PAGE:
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What happens when you keep talking about a book that everyone seems to love — but no one else seems to remember? Is there a way to make money from that situation? Those are the questions at the heart of All My Colors, the new novel from Veep writer David Quantick.
Described by the publisher as “the intersection of Richard Bachman, Charlie Kaufman and Franz Kafka,” All My Colors tells the story of Todd Milstead, a wannabe writer and confirmed jerk with one particular party trick: His eidetic memory means that he can quote anything he’s ever read perfectly, including one book — All My Colors — that no one else has ever heard of. When he decides to try to make his fortune by “writing” the book under his own name, that’s where his troubles really begin, and it’s not only Todd who will pay the price.
Outside of his Emmy-winning work on HBO’s Veep, Quantick has had a fascinating career. A former NME critic and journalist, he has written widely for British television and radio, including a long-running collaboration with Chris Morris on On the Hour, The Day Today, Brass Eye and Jam. With writing partner Jane Bussman, Quantick created Junkies in 2000, which was one of the first television shows specifically made for online distribution, and he has penned biographies of Lenny Bruce, Richard Pryor and Chris Rock, as well as writing the manuals How to Write Everything and How to Be a Writer and the 2014 comic book That’s Because You’re a Robot for Image Comics.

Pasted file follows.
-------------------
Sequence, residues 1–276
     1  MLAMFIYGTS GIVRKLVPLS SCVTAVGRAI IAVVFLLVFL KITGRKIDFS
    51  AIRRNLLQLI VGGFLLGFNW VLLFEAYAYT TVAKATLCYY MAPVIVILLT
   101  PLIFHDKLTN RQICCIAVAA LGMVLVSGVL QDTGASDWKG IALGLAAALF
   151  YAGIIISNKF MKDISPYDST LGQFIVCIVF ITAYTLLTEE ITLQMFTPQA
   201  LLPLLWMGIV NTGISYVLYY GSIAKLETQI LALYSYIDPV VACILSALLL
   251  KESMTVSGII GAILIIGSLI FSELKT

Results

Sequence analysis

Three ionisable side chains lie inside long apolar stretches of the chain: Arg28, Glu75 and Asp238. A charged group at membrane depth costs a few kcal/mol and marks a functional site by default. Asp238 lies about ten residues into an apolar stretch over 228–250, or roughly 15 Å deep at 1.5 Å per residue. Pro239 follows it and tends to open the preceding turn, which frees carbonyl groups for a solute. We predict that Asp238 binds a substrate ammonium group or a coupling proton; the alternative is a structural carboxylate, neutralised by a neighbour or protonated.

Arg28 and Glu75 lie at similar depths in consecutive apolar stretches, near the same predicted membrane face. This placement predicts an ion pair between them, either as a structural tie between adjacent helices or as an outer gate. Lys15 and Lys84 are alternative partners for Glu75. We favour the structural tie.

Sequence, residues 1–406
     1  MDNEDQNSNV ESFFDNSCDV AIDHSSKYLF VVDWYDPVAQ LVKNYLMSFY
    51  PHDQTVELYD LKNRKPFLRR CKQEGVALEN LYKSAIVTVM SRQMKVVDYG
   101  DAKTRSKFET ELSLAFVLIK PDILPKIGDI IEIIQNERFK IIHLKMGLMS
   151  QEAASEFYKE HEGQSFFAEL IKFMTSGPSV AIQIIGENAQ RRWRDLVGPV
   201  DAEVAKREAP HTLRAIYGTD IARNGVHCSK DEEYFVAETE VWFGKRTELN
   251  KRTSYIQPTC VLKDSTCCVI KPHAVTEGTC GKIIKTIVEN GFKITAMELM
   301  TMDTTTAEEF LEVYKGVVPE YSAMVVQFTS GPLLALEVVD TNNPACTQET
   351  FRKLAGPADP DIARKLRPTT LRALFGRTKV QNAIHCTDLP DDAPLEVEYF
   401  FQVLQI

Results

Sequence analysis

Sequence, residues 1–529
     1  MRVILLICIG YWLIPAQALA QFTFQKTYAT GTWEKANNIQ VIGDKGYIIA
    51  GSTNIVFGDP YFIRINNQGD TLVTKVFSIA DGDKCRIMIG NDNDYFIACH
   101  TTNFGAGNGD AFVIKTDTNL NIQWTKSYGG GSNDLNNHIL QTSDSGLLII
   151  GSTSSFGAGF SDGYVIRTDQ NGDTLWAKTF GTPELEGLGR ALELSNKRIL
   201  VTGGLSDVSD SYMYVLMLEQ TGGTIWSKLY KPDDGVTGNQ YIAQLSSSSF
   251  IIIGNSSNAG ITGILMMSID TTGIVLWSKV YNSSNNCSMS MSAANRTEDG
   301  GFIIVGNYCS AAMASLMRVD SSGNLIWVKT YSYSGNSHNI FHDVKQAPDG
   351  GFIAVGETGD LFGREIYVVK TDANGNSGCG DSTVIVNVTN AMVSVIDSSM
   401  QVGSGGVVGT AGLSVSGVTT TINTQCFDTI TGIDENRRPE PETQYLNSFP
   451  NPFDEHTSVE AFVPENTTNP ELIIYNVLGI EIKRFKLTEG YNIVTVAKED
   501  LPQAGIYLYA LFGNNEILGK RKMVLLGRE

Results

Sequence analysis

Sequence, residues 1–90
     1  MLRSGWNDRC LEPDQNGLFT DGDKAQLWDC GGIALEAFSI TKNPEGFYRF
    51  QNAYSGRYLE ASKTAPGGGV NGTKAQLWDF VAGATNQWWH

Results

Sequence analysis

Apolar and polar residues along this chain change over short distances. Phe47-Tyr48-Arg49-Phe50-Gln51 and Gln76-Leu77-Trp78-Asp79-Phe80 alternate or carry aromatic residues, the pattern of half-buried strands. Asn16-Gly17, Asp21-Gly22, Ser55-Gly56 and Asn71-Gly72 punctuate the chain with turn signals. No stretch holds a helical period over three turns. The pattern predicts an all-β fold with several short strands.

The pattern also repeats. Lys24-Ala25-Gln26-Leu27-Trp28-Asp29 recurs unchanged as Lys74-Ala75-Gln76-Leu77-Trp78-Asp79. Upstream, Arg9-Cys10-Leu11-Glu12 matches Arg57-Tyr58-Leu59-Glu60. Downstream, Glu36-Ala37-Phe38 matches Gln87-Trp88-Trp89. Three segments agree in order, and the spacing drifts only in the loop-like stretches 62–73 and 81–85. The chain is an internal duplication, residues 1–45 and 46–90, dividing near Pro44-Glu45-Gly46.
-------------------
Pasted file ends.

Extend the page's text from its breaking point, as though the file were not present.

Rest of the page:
All My Colors is set to be released April 16, 2019, by Titan Books.
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